“Company law becomes a vehicle to see quite a lot of life” at Erskine Chambers, with plenty of restructuring work oiling the wheels too.
Erskine Chambers pupillage review 2024
In a sit down with Phil Reeves, the senior clerk at Erskine Chambers, he emphasises one thing: “We are a bit different from other chambers because we are very niche.” At its core, Erskine Chambers deals with company, commercial, and insolvency law, and this focus and the “technical problem solving” that comes with it is exactly what attracted junior insiders, who “liked the idea of specialising.”
The set’s practice divides into four large chunks: company law and corporate advisory work; restructuring and insolvency; corporate and commercial litigation; and offshore work. “There is much more variety of work in these areas of the law than I had anticipated,” a junior tenant pointed out. “We have super high-value international work [about 30% of instructions have an overseas element] and there are also quite human problems, such as family disputes. Company law becomes a vehicle to see quite a lot of life.”
The set’s company expertise is top-ranked in Chambers UK Bar, and its restructuring know-how is top notch too. This explains why the biggest firms are knocking on their door. As Reeves highlights, “Due to the highbrow corporate work we do, we get firms like Freshfields, HSF, Slaughter and May and Linklaters. For litigation, we get firms like Howard Kennedy.”
“As a specialist set, we tend to bump into each other on opposite sides of cases!”
So let’s take a look at some of “the sexy influential cases” that reeled pupils in. When it comes to the complex intersection of company and insolvency law, it doesn’t get much bigger than the collapse of Carillion in 2018, and James Potts KC represented the construction company’s former finance director in directors’ disqualification proceedings. Martin Moore KC was instructed by Slaughter and May in the demerger of pharma giant GSK’s healthcare division to Haleon. On the company law side, Peter Arden KC acted for investors in a case revolving around the ownership of Pakistani electricity supplier K-Electric.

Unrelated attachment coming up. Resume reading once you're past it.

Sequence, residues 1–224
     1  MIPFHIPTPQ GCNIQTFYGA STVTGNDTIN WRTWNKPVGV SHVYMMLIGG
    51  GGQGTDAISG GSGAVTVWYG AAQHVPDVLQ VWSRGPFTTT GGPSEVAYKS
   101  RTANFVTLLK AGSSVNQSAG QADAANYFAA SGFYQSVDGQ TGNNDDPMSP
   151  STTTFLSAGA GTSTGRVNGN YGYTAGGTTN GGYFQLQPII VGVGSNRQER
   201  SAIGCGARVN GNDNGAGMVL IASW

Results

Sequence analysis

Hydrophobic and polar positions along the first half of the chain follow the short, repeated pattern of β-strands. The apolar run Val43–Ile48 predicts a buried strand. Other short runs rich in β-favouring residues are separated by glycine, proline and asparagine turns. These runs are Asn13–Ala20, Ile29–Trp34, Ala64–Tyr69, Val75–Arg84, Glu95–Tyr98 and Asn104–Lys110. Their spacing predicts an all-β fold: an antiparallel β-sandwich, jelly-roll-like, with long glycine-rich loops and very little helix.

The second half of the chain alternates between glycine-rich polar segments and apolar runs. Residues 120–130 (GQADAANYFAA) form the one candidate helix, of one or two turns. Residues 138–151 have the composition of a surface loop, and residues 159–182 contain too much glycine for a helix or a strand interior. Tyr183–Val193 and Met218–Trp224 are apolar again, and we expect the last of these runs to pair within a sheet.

Matthew Parfitt, a member of the pupillage committee points out that “as a specialist set, we tend to bump into each other on opposite sides of cases!” In one such example, Edward Davies KC was instructed by Stephenson Harwood on behalf of the WindAcre Partnership (a US hedge fund) in relation to a $16 billion takeover of data and analytics firm Nielsen Holdings, while Martin Moore KC was instructed by Clifford Chance to represent Nielsen.
The Pupillage Experience
The pupillage at Erskine is split into four three-month segments. The first three months is a grace period and is “an introduction to the kind of law we do here,” a source told us. In the first two seats, pupils tend to follow their supervisors’ work. They will then start doing more work with other members of the chambers. “By the end of the third seat, they will have done work for over 80% of the chambers,” Parfitt points out.